Repost from Sightline Daily [Editor: These images would be great for posters (see below) – and the author speaks for me when he writes, “Government regulators have been slow to act, their responses painfully milquetoast. As a result, much of what I do involves research into the often-complex details of federal rulemaking procedures, rail car design standards, insurance policies, and the like—all the issues that Sightline is shining a light on….Yet on some level it’s not about any of that. It’s about a reckless and unaccountable oil industry that—in the most literal and obvious way—profits by putting our lives at risk. Every time I hear one of their accountability-shirking lines, I can’t help recalling images from those tragedies and near-tragedies.” – RS]
Oil Trains: The Industry Speaks for Itself – a record of denial and deceit, in photos
By Eric de Place and Keiko Budech, December 30, 2014
A year and a half after an oil train inferno ended 47 lives in Lac-Megantic, Quebec, the crude-by-rail industry rolls on, virtually unimpeded. It’s hard not to feel horrified when, one after another, we register the place names of oil train explosions—Aliceville, Alabama; Casselton, View PostNorth Dakota; Lynchburg, Virginia—as grim warnings of what could happen in so many other North American communities.
Yet on some level it’s not about any of that. It’s about a reckless and unaccountable oil industry that—in the most literal and obvious way—profits by putting our lives at risk. Every time I hear one of their accountability-shirking lines, I can’t help recalling images from those tragedies and near-tragedies. The juxtaposition is startling that we decided to undertake a small photo project to capture it. We hope that you’ll find the following useful in your own work, and if so, that you’ll share the images with your own networks.
It’s a practically a given that we’ll hear more empty reassurances and lies from oil and rail executives in the new year, and as growing numbers of oil trains crisscross the continent, there’s every likelihood we’ll have another catastrophe to catalog. To grasp the magnitude of the oil industry’s cynicism, it’s best to hear them in their own words.
Repost from McClatchy News [Editor: Once again Curtis Tate has produced an incredible wide-ranging and deep analysis of current issues and developments around crude by rail in the US. This article can serve as a must-read primer on crude by rail. Note that the presentation below is only a rough copy – much better viewing on McClatchy’s website. – RS]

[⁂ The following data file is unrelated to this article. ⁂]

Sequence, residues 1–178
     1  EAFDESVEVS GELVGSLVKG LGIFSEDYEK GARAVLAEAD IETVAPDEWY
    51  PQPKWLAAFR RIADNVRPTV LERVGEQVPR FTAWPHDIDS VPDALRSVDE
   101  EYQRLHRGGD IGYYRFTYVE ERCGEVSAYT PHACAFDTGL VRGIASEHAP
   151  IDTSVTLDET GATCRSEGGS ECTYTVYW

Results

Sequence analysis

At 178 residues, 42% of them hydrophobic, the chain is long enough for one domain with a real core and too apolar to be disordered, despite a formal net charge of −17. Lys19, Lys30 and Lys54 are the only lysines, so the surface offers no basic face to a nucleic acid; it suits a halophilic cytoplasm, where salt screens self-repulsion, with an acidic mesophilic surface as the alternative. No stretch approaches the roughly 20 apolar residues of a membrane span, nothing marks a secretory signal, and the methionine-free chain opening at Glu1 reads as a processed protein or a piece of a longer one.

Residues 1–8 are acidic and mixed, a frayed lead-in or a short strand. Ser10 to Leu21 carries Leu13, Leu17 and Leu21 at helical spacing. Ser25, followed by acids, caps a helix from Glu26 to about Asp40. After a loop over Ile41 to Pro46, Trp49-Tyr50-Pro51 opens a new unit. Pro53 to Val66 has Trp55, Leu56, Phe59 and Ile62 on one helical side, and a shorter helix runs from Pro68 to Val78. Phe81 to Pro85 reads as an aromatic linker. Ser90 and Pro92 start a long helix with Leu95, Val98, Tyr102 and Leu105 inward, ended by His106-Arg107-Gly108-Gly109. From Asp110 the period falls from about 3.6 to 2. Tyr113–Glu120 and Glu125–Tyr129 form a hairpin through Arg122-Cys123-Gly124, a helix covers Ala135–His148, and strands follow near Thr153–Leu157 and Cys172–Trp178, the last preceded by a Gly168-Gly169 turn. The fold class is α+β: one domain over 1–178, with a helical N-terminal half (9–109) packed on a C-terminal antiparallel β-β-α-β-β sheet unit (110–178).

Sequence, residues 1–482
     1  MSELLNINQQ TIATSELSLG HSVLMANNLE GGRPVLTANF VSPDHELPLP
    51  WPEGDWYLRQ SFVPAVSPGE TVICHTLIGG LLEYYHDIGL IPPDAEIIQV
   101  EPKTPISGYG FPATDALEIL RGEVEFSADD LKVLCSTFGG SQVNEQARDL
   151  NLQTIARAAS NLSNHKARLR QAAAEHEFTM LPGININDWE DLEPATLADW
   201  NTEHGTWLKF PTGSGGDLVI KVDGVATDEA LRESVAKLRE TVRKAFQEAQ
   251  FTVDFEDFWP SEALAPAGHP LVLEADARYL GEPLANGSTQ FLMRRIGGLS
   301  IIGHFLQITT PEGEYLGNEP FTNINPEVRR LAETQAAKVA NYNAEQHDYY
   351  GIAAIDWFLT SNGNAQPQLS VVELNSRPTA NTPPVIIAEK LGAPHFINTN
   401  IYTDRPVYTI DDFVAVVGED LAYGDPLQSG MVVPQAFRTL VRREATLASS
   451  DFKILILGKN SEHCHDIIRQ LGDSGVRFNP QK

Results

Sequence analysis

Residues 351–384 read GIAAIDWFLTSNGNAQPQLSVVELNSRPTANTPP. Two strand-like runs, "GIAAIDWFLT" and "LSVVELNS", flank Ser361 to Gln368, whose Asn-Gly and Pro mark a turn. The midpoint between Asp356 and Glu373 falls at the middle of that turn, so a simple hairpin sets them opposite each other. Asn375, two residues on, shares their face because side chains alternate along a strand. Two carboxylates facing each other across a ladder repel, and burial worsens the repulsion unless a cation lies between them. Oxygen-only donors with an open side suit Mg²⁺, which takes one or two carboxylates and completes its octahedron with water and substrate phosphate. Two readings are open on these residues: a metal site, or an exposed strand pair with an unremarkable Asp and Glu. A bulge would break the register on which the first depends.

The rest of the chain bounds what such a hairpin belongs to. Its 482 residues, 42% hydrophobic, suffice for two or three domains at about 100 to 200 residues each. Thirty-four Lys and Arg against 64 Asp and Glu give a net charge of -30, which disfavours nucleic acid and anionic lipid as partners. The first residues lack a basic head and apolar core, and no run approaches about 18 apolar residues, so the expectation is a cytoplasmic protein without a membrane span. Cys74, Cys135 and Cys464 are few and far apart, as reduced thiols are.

By Curtis Tate, December 31, 2014
TUSCALOOSA, Ala. — Every day, strings of black tank cars filled with crude oil roll slowly across a long wooden railroad bridge over the Black Warrior River.
Curtis Tate / McClatchyDecaying track and bridge conditions on the Alabama southern railroad could pose a risk to Tuscaloosa, Ala., population 95,000. Above, video of trains crossing the bridge.
The 116-year-old span is a landmark in this city of 95,000 people, home to the University of Alabama. Residents have proposed and gotten married next to the bridge. Children play under it. During Alabama football season, die-hard Crimson Tide fans set up camp in its shadow.
But with some timber pilings so badly rotted that you can stick your hand right through them, and a “MacGyver”-esque combination of plywood, concrete and plastic pipe employed to patch up others, the bridge demonstrates the limited ability of government and industry to manage the hidden risks of a sudden shift in energy production.
And it shows why communities nationwide are in danger.
“It may not happen today or tomorrow, but one day a town or a city is going to get wiped out,” said Larry Mann, one of the foremost authorities on rail safety, who as a legislative aide on Capitol Hill in 1970 was the principal author of the Federal Railroad Safety Act, which authorized the government to regulate the safety of railroads.
Almost overnight in 2010, trains began crisscrossing the country carrying an energy bounty that included millions of gallons of crude oil and ethanol. The nation’s fleet of tens of thousands of tank cars, coupled with a 140,000-mile network of rail lines, had emerged as a viable way to move these economically essential commodities. But few thought to step back and take a hard look at the industry’s readiness for the job.
It may not happen today or tomorrow, but one day a town or a city is going to get wiped out.